• RIP enterprise software. Enterprise software as provided by the large package providers is seen as large and inflexible and not delivering on the benefits promised by SOA. Companies are finding themselves encumbered with expensive and hard to maintain software they can’t “bend” to do what they want. ZapThink’s take is that whilst enterprise software may have failed SOA has also failed to deliver on its promise of providing flexible business processes that can be quickly adopted to new needs. My take is that like everything else in our industry nothing is given chance to bed in before the next wave comes and sweeps everyone along with it. Many clients I see are still grappling with getting an effective process in place for developing traditional systems let alone service-based ones and definitely cannot deal with complex systems properly.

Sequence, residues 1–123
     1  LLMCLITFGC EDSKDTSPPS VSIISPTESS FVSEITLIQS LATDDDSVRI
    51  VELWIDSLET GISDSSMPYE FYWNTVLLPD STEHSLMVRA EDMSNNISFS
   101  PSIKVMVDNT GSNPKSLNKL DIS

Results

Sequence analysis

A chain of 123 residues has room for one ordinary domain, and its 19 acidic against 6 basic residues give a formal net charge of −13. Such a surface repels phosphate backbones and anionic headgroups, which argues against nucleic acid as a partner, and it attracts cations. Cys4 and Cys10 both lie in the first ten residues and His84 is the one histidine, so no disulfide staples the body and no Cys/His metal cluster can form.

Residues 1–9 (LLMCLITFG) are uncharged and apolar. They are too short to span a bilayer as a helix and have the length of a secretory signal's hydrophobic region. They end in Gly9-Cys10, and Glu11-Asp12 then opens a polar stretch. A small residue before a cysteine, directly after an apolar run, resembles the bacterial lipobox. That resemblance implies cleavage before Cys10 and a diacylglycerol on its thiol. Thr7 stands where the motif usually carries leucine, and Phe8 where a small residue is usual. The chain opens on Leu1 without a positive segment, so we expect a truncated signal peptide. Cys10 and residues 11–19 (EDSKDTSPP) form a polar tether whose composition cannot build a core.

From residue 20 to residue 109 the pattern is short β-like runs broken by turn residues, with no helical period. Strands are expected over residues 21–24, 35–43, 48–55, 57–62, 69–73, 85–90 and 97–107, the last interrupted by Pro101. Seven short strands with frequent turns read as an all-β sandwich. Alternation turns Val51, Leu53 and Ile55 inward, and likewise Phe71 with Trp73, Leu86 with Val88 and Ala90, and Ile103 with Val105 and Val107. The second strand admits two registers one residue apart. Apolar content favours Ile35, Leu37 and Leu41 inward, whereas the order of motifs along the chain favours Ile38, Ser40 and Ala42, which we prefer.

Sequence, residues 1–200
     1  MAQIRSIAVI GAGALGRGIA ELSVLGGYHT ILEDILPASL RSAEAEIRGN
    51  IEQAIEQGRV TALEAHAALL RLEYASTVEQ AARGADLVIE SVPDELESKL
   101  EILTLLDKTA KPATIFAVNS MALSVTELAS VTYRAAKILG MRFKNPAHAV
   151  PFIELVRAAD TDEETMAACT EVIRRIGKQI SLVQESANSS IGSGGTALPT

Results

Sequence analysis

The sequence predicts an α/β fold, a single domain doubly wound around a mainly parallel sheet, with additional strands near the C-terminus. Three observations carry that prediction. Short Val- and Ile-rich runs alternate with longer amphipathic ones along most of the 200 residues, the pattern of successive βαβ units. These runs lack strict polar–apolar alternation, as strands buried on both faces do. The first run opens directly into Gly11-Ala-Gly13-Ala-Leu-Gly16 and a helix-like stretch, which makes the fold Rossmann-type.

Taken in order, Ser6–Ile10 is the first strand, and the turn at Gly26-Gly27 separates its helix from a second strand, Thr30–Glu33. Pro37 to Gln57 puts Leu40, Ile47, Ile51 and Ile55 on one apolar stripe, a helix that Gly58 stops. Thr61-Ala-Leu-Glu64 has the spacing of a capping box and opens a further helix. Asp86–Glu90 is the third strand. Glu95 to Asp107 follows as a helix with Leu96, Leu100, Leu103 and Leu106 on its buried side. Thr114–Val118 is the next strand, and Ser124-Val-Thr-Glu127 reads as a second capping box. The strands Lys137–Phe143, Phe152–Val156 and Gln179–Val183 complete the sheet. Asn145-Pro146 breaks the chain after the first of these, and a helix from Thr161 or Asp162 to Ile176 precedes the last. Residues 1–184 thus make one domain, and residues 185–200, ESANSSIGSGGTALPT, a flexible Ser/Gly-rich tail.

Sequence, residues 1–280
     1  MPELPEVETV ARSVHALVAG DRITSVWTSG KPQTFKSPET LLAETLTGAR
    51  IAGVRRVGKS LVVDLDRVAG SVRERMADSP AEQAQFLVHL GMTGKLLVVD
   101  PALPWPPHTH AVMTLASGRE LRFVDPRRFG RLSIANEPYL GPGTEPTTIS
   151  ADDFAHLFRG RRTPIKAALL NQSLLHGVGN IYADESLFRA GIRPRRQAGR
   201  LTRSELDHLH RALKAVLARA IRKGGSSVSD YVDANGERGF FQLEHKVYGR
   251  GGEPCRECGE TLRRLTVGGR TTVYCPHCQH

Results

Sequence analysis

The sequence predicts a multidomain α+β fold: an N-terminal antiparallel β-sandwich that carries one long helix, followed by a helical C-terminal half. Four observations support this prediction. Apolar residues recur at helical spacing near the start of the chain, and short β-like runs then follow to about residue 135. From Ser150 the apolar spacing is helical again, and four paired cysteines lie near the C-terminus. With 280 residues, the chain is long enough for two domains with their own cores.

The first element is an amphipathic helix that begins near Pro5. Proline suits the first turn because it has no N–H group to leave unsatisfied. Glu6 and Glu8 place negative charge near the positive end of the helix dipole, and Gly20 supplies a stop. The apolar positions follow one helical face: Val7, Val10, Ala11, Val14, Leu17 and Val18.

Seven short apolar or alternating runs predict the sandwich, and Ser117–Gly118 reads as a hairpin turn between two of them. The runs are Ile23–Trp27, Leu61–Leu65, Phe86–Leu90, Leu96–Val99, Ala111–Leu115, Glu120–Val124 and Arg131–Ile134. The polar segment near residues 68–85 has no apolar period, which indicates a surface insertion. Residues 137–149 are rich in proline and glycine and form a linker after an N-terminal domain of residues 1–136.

• The beginning of the end for Enterprise Architecture frameworks. Architecture frameworks (especially enterprise ones like Zachman and DoDAF) are counterproductive to developing an effective EA strategy. These frameworks are inflexible, sometimes encouraging what ZapThink refer to as checklist architecture. Checklist architecture focuses on achieving goals laid down by the architecture framework rather than the changing needs of the business. True but having no framework at all leads to even greater chaos in my experience. A framework is a structure which is meant to contain relevant guidance and work products to deliver real-world solutions. Frameworks that become too theoretical are always doomed to fail as they should. I hope this forms the basis of something more relevant to the real world.

So how would I characterise “interprise architecture”?